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Aborting the Race Card
Getting beyond what impedes true civil-rights progress.


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Kathryn Jean Lopez

Is the party of Lincoln the contemporary party of civil rights? Are American conservatives the new civil-rights leaders?

These are far from the most frequently asked questions in American politics, but they’re worth raising. Especially given the potential for liberating results.

The questions are partially calendar-inspired: Martin Luther King Jr. Day. But also some less obvious dates: the anniversary of the Supreme Court’s Roe v. Wade decision — and the president’s State of the Union address.

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The questions are suggested by two recent incidents, in particular.

First: If his past roles in shameful and deadly incidents haven’t already fully exposed the Rev. Al Sharpton as a charlatan of a self-proclaimed civil-rights leader, his recent performance on Sean Hannity’s television show should do it. Sharpton refused to engage former Pennsylvania senator Rick Santorum on the issue of the eugenics history of abortion activism in the United States, and on the continuing racial disparity in the number of abortions performed. None other than the New York Times has reported that “data from the federal Centers for Disease Control and Prevention show that black women get almost 40 percent of the country’s abortions, even though blacks make up only 13 percent of the population. Nearly 40 percent of black pregnancies end in induced abortion, a rate far higher than for white or Hispanic women.” On this issue, Alveda King, director of African American outreach for Priests for Life and niece of Martin Luther King Jr., believes Barack Obama is “missing an opportunity.” King insists: “The president has a defining moment before him. The nation has become pro-life. It’s evident. This is a tide. This is a time. It’s a conversation of energy. And the energy is with life.”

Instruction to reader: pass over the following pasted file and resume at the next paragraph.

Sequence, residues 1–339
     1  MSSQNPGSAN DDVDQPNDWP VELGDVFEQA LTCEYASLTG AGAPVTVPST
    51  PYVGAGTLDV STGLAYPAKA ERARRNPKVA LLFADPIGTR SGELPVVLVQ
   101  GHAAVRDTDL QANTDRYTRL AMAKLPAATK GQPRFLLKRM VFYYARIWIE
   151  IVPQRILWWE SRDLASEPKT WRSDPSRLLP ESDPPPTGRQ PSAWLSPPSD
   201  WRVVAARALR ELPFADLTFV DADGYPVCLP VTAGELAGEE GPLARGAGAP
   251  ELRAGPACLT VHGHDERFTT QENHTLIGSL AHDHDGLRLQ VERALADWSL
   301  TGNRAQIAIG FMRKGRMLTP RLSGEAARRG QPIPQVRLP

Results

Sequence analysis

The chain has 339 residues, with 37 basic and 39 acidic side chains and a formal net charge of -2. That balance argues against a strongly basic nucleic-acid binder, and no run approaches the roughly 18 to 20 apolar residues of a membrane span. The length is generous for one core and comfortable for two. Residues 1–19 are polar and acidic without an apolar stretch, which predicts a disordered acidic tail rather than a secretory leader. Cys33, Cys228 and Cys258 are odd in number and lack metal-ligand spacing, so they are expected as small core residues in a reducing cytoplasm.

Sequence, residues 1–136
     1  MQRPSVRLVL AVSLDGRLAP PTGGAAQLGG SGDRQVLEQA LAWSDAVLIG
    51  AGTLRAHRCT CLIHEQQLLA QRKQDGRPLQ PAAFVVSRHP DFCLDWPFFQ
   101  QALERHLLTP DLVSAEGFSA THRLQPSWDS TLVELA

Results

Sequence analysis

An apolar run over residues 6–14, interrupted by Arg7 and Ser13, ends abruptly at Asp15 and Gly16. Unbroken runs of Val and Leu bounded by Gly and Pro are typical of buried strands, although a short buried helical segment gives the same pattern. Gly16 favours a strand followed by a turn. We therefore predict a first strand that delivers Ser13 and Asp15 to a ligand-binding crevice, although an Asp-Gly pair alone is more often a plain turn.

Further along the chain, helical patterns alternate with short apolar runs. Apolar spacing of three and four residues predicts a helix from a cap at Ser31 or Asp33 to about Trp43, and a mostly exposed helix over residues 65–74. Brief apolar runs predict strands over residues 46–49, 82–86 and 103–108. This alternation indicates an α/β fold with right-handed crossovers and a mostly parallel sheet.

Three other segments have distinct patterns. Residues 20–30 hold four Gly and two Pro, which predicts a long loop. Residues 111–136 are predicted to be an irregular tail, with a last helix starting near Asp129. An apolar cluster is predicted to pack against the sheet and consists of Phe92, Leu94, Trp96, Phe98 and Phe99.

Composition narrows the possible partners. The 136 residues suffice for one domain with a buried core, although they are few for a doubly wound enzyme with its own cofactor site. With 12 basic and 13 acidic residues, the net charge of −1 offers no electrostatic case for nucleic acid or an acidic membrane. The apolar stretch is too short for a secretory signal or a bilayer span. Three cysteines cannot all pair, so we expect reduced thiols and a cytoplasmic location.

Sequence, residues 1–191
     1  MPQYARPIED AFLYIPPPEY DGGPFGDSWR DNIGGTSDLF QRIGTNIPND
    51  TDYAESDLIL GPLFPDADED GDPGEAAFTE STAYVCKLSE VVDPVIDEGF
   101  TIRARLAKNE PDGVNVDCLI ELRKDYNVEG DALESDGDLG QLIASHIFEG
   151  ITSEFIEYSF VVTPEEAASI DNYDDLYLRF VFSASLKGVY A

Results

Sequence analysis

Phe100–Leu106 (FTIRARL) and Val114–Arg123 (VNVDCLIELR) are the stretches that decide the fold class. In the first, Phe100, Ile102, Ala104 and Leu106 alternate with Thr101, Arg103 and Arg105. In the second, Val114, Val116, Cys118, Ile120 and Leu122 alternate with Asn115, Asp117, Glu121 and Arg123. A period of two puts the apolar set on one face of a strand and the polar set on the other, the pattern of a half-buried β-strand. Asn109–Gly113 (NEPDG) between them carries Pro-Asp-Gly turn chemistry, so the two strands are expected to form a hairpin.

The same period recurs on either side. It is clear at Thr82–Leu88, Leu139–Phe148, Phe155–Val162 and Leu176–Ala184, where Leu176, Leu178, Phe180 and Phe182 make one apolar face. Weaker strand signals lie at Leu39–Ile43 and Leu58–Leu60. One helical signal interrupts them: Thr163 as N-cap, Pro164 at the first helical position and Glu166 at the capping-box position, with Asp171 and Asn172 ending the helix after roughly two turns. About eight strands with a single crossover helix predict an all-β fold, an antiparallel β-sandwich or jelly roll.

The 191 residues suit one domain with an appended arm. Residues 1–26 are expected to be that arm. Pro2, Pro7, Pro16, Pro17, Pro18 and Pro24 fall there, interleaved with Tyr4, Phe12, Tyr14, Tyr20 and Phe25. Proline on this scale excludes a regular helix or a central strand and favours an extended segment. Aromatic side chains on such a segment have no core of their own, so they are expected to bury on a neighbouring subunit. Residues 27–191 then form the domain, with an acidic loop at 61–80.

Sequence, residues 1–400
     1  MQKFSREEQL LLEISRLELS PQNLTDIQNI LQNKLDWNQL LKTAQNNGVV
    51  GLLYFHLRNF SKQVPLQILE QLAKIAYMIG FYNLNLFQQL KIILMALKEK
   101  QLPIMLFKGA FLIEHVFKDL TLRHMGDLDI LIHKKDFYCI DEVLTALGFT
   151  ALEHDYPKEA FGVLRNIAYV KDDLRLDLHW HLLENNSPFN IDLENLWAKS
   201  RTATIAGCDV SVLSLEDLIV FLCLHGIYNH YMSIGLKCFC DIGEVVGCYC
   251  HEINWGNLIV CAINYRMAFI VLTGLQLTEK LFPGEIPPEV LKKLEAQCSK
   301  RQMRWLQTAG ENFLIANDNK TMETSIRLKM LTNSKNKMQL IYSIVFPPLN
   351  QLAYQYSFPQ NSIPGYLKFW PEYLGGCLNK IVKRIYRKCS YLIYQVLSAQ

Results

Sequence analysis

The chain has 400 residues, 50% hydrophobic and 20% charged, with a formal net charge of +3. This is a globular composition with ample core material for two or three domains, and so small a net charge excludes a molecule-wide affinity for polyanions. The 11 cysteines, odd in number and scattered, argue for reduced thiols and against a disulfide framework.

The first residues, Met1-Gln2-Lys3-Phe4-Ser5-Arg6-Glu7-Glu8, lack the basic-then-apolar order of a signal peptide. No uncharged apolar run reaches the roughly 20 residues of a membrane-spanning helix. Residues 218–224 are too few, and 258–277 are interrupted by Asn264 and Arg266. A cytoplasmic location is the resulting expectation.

Second: The most undercovered story of the recent State of the Union address was who was sitting in the speaker of the House’s box — students, parents, teachers, and the Catholic cardinal of the archdiocese of Washington. The students have had their lives transformed by the chance to get out of the District of Columbia’s failing public schools. The first time I heard their presence there mentioned, though, on national television news, was only days later, in the context of a livid host, beside herself that John Boehner would bother himself to care about the educational opportunity of the inner-city children of Washington, D.C. What could they possibly have to do with jobs? How could they possibly be his concern? (Of course, given the constitutional relationship Congress has with the District of Columbia, not to mention the physical location of the Capitol building, how could they not be a concern?)

Boehner, along with Connecticut independent Sen. Joe Lieberman — joined by Democrats Sen. Dianne Feinstein of California and Rep. Dan Lipinski of Illinois — introduced the Scholarships for Opportunity and Results (SOAR) Act, reauthorizing the D.C. Opportunity Scholarship Program that the current president and the last Congress killed. The program has been a lifeline to children in D.C.’s predominantly black inner city, who are otherwise largely imprisoned in failing and dangerous schools. It increased graduation rates, serving families with an average family income of slightly more than $17,300.

In both cases, Sharpton and the speaker, there’s an undercovered moral imperative at play.



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